Narrator: Bahni Turpin
Published by Blackstone Audio Inc on 25 April 2017
Length: 12 hrs and 10 mins
Genres: Post Apocalyptic, Science Fiction
In Borne, a young woman named Rachel survives as a scavenger in a ruined city half destroyed by drought and conflict. The city is dangerous, littered with discarded experiments from the Company - a biotech firm now derelict - and punished by the unpredictable predations of a giant bear. Rachel ekes out an existence in the shelter of a run-down sanctuary she shares with her partner, Wick, who deals his own homegrown psychoactive biotech.
One day, Rachel finds Borne during a scavenging mission and takes him home. Borne as salvage is little more than a green lump - plant or animal? - but exudes a strange charisma. Borne reminds Rachel of the marine life from the island nation of her birth, now lost to rising seas. There is an attachment she resents: in this world any weakness can kill you. Yet, against her instincts - and definitely against Wick's wishes - Rachel keeps Borne. She cannot help herself. Borne, learning to speak, learning about the world, is fun to be with, and in a world so broken that innocence is a precious thing. For Borne makes Rachel see beauty in the desolation around her. She begins to feel a protectiveness she can ill afford.
"He was born, but I had borne him."
But as Borne grows, he begins to threaten the balance of power in the city and to put the security of her sanctuary with Wick at risk. For the Company, it seems, may not be truly dead, and new enemies are creeping in. What Borne will lay bare to Rachel as he changes is how precarious her existence has been, and how dependent on subterfuge and secrets. In the aftermath, nothing may ever be the same.
©2017 Jeff VanderMeer (P)2017 Blackstone Audio, Inc.
ABR received this audiobook for free from the AudioBookJukeBox.com in exchange for an honest review. This does not affect our opinion of the audiobook or the content of our review.Buy from Audible Buy from Amazon.comAdd to Goodreads
Jeff VanderMeer presents a compelling post-apocalyptic landscape populated by a pair of highly interesting human characters and vicious biotech experiments run amok in the wastelands.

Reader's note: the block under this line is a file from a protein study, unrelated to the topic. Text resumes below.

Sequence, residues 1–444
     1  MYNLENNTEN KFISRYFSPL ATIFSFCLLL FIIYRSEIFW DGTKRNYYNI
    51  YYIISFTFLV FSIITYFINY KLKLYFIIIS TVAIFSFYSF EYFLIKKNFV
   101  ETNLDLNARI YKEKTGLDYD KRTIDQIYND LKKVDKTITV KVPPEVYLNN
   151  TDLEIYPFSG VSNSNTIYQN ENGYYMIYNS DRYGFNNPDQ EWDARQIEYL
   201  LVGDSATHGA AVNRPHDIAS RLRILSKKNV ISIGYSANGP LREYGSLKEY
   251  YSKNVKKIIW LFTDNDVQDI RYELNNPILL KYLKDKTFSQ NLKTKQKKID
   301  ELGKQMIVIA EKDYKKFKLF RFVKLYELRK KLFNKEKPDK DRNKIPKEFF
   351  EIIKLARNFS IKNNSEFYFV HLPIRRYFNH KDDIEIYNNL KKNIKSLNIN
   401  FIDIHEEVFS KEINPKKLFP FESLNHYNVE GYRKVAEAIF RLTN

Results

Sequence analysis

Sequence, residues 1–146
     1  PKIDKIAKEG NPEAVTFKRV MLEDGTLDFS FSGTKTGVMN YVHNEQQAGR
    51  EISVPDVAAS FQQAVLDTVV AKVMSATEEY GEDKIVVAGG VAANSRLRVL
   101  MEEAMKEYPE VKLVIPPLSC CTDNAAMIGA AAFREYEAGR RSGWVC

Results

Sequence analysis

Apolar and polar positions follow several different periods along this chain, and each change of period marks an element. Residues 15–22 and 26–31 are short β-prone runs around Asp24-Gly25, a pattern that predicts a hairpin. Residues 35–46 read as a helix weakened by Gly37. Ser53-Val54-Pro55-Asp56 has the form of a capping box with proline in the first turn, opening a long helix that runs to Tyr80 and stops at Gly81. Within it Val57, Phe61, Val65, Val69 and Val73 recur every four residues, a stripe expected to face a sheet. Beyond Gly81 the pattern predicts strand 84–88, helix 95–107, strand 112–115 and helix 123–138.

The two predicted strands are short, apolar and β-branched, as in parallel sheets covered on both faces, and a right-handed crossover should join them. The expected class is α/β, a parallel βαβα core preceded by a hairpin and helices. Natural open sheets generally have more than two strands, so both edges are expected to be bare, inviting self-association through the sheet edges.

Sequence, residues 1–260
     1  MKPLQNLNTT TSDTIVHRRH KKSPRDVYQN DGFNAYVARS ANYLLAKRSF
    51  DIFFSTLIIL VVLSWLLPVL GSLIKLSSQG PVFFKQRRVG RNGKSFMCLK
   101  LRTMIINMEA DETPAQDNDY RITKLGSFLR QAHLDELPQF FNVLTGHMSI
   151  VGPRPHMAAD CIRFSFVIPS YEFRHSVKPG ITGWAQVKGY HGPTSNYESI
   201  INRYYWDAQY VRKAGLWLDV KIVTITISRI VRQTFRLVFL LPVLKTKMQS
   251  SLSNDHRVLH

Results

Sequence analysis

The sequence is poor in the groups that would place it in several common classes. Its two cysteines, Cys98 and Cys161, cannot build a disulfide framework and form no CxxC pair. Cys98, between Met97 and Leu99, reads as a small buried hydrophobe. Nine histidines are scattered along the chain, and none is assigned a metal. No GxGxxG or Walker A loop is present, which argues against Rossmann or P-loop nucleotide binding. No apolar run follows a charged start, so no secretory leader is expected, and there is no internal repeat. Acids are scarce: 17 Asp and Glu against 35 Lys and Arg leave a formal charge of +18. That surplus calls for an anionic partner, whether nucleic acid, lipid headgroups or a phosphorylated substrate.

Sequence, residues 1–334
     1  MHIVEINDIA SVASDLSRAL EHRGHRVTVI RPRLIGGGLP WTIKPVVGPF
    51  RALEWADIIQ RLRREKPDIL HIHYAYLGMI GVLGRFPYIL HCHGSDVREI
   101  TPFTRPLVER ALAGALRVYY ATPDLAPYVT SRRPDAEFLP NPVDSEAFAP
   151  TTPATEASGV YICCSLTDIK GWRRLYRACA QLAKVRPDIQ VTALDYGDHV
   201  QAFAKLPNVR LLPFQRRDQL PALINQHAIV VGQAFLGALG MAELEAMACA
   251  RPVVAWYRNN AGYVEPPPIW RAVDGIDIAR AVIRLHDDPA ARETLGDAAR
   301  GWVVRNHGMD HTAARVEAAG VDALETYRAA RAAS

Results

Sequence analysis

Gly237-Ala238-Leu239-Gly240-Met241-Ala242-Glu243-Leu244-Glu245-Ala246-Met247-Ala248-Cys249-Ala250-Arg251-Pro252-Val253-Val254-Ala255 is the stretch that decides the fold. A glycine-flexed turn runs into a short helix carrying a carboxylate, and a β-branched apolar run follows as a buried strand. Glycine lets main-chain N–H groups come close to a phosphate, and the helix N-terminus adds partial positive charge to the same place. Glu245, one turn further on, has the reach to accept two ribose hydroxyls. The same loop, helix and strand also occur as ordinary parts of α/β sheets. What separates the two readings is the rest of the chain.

Rachel and Wick survive by scavenging whatever they can from The City, and steering clear of the massive bio-engineered bear that lords over the ruins. On a scavenging run, Rachel notices something odd stuck to the bear’s fur, which she manages to dislodge and bring back home. What this “it” is, though, defies description – it’s not a plant, nor is it an animal, nor a machine. Or maybe it’s all three. As time goes on, Rachel begins to notice new things about this strange discovery, eventually realizing that Borne is, indeed, sentient. Her partner, Wick, an ex-employee of the biotech Company, wants to dissect Borne, or perhaps scrap him for parts, but she refuses to allow that to happen. While Borne is certainly strange, Rachel becomes not only fond but paternal of it, and she strives to protect Borne from the threats lying within and without their sanctuary.
While the post-apocalyptic world-building is very well done, Borne really thrives and revels in its characters. VanderMeer has created a trio of relateable, sympathetic, and ultimately very human personalities. Rachel and Wick squabble, share their disagreements and keep their secrets. Borne, meanwhile, grows, adapts, and learns, becoming a sounding board for Rachel and a mirror to hold up to humanity in all its brilliance and flaws. Borne is a highly intriguing creation from VanderMeer and one that is highly charismatic in its child-like mentality, at times reminding me a bit of Johnny Five from Short Circuit in its earnestness and keen attempts to learn and study the world.
Although this is primarily a character-driven drama and not an action-heavy sci-fi title, VanderMeer does manage a few terrific set pieces. And with Mord, the larger-than-life bioengineered bear, being so massive a few of these sequences carry the weight of a kaiju-like destructiveness. Others action scenes are smaller in scope, but no less effective and dramatic in their execution, such as an early attempt on Rachel’s life by a gang that invades her sanctuary.
Told entirely from Rachel’s point of view, this is a title that is only made stronger by the brilliance of its narrator. Bahni Turpin delivers a stellar reading of VanderMeer’s terrific writing, completely selling the story and bringing Rachel’s tale to life. Turpin does some solid voice work for each of the characters, but it’s her performance as the titular character that proves just how adept she is as an audiobook narrator. She nails the humor and warmth, and when necessary the anger, of each of the three leads, making this an absolutely engrossing read.
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